Fruit Galette with Bruised and Irregular Peaches
It's finally peach season here in Georgia, and life is good. My favorite weekend activity is going to the farmers market and getting fresh local peaches - they're sweet, juicy, locally grown peaches and worth waiting all year for - but they're also pretty expensive. My solution: go for the scratch & dents and the irregulars and the misshapen ones, which most of the farmers sell at a discount. They don't look perfect and don't get as much love, but they still taste fantastic. I save money, the farmers get paid for their hard work, and we make sure none of these precious stone fruits get thrown into landfill.
I'll often just cut off a bruised part and eat the peach whole, dripping peach juice over my hands and into the sink, the way that these summer peaches should be eaten. But they're also great for baking and cooking. Doesn't matter what the peaches look like when they're sliced and stuffed into a galette or a pie or whizzed into a smoothie!
If people had the option to buy more ugly, imperfect, bruised or misshapen produce at cheaper prices, I think we'd all be a lot better off. Fewer people would go hungry. More people would save money. Farmers would make more money. Less food would end up in landfills. If you can, encourage your grocery stores and supermarkets to offer less-than-perfect produce, and support farmers at the farmers markets who offer the option.
And now, back to that galette. I was really hoping to make my life easier by using store-bought pastry. But the only pie crust at the supermarket came in a tin, and I didn't have enough peaches to make a pie. So I followed Melissa Clark's Fruit Galette recipe from the New York Times and made a pie crust. It turned out to be a great way to use up the last of the older jug of whole milk (subbed for the heavy cream) and the lemon I found bouncing around the fridge. Whether you buy or make your crust, you can follow her recipe, or use the simple version below where I just left out the sugar. You can swap in basically any stone fruit or berry or apples or pears - you'll probably want to add sugar for tart fruits or for apples and pears, but sweet summer berries don't need it. Clark also suggests a layer of jam at the bottom, which would be a great alternative to added sugar.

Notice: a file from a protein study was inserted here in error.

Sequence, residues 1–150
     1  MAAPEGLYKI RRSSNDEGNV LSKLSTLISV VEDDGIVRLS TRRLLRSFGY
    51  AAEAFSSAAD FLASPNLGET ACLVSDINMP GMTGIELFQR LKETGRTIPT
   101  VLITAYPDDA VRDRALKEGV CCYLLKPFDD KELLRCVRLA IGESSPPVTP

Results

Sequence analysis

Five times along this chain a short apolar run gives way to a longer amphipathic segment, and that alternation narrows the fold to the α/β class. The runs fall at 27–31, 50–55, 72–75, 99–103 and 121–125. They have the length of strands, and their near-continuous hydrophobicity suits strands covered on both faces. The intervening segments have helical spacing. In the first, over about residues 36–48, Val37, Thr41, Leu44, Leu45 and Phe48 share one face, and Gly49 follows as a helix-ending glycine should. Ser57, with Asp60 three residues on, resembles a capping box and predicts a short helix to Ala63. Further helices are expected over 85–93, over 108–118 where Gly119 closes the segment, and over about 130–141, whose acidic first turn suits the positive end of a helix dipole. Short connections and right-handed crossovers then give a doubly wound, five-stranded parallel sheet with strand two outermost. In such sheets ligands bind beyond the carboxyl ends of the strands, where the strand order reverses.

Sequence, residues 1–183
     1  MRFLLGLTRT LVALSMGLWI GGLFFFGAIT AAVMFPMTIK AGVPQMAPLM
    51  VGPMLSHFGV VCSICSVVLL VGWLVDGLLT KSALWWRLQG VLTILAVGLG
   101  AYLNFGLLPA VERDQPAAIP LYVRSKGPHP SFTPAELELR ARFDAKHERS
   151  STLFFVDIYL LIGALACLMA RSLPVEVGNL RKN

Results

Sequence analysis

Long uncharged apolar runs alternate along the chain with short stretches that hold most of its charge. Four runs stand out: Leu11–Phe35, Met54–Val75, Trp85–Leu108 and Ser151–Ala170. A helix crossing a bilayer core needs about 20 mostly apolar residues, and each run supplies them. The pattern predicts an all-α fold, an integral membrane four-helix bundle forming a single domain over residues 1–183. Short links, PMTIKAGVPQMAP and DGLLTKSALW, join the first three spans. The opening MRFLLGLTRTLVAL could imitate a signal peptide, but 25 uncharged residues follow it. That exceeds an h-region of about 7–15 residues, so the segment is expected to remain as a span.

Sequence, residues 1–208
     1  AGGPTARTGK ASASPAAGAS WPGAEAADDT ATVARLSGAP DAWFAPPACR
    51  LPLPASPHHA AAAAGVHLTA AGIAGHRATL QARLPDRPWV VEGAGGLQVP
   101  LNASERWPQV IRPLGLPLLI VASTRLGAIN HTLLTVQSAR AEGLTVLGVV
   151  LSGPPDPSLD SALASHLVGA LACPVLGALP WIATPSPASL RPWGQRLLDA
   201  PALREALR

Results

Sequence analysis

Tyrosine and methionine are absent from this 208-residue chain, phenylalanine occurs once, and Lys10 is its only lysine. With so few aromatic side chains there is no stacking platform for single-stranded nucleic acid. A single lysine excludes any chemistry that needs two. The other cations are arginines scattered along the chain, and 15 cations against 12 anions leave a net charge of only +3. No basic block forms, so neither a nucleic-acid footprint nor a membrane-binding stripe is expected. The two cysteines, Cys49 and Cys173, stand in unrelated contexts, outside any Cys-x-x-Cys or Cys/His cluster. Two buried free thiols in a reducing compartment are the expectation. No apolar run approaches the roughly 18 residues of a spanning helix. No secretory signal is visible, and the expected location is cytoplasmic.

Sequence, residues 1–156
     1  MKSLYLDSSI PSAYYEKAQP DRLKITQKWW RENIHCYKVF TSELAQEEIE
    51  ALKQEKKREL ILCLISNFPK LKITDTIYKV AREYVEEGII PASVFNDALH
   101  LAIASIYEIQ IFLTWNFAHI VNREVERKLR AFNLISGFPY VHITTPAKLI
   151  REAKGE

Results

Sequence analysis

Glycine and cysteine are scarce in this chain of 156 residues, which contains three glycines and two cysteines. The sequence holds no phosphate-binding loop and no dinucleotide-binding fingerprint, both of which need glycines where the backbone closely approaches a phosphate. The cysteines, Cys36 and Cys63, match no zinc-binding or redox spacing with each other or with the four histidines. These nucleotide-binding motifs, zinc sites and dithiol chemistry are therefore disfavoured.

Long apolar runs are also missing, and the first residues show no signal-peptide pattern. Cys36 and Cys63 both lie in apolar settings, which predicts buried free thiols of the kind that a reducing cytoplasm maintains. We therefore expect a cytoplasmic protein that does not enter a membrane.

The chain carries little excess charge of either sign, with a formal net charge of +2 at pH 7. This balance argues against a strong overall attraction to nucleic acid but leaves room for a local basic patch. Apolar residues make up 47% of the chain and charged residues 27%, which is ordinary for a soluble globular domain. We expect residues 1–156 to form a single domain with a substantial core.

The Rough Recipe
This galette feeds 6-8 and takes about 45 minutes if you use a store-bought pie crust.
You'll need the following:
- 1 store-bought pie crust, thawed
- Roughly 3 cups sliced peaches
- A splash of milk
- 1 egg, lightly beaten
Preheat the oven to 400 degrees.
Unroll your pie crust and put on a sheet pan lined with parchment paper or a baking mat. Put your sliced peaches into a bowl and sprinkle the fruit with cornstarch, then stir to combine. Scoop up the peaches and place into the center of the pie crust, leaving a border of an inch or so.
Fold up the edges of the pastry around the galette until all the peaches are held in by the crust. Add the splash of milk to the beaten egg and brush the pastry all around the edges (to be honest, I probably would have skipped this step if I didn't have the milk & egg leftover from making the pie crust. It's really up to you whether you want to do it).
Bake the galette until the crust is a delightful golden-brown. Let cool, then eat with spoonfuls of vanilla ice cream or whipped cream or the creamy deliciousness of your choice.